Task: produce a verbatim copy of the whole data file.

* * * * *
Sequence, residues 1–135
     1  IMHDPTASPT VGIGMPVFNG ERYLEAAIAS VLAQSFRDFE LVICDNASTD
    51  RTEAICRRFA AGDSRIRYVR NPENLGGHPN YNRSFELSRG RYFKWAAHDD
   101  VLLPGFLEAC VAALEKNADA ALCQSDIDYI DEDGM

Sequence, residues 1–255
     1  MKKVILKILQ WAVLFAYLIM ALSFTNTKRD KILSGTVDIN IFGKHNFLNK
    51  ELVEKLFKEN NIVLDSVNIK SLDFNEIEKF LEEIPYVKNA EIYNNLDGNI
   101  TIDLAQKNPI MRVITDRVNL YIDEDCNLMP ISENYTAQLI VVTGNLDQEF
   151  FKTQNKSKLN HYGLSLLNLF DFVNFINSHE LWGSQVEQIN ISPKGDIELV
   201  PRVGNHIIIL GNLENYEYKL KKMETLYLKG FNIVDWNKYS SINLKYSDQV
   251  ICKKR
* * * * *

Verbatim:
Sequence, residues 1–135
     1  IMHDPTASPT VGIGMPVFNG ERYLEAAIAS VLAQSFRDFE LVICDNASTD
    51  RTEAICRRFA AGDSRIRYVR NPENLGGHPN YNRSFELSRG RYFKWAAHDD
   101  VLLPGFLEAC VAALEKNADA ALCQSDIDYI DEDGM

Sequence, residues 1–255
     1  MKKVILKILQ WAVLFAYLIM ALSFTNTKRD KILSGTVDIN IFGKHNFLNK
    51  ELVEKLFKEN NIVLDSVNIK SLDFNEIEKF LEEIPYVKNA EIYNNLDGNI
   101  TIDLAQKNPI MRVITDRVNL YIDEDCNLMP ISENYTAQLI VVTGNLDQEF
   151  FKTQNKSKLN HYGLSLLNLF DFVNFINSHE LWGSQVEQIN ISPKGDIELV
   201  PRVGNHIIIL GNLENYEYKL KKMETLYLKG FNIVDWNKYS SINLKYSDQV
   251  ICKKR